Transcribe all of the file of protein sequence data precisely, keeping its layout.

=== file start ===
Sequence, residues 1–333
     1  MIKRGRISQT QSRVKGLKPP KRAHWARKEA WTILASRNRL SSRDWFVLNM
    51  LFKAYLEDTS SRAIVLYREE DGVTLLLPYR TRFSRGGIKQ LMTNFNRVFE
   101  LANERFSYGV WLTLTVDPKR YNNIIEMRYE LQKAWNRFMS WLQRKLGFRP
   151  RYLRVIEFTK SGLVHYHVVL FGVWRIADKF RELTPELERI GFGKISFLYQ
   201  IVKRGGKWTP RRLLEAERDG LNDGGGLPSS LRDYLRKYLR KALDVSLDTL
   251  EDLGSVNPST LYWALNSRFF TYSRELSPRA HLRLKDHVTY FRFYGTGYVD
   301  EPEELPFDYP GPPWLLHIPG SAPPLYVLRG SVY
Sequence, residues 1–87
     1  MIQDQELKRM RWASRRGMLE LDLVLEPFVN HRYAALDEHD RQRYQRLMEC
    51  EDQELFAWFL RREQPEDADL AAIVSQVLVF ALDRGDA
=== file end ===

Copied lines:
Sequence, residues 1–333
     1  MIKRGRISQT QSRVKGLKPP KRAHWARKEA WTILASRNRL SSRDWFVLNM
    51  LFKAYLEDTS SRAIVLYREE DGVTLLLPYR TRFSRGGIKQ LMTNFNRVFE
   101  LANERFSYGV WLTLTVDPKR YNNIIEMRYE LQKAWNRFMS WLQRKLGFRP
   151  RYLRVIEFTK SGLVHYHVVL FGVWRIADKF RELTPELERI GFGKISFLYQ
   201  IVKRGGKWTP RRLLEAERDG LNDGGGLPSS LRDYLRKYLR KALDVSLDTL
   251  EDLGSVNPST LYWALNSRFF TYSRELSPRA HLRLKDHVTY FRFYGTGYVD
   301  EPEELPFDYP GPPWLLHIPG SAPPLYVLRG SVY
Sequence, residues 1–87
     1  MIQDQELKRM RWASRRGMLE LDLVLEPFVN HRYAALDEHD RQRYQRLMEC
    51  EDQELFAWFL RREQPEDADL AAIVSQVLVF ALDRGDA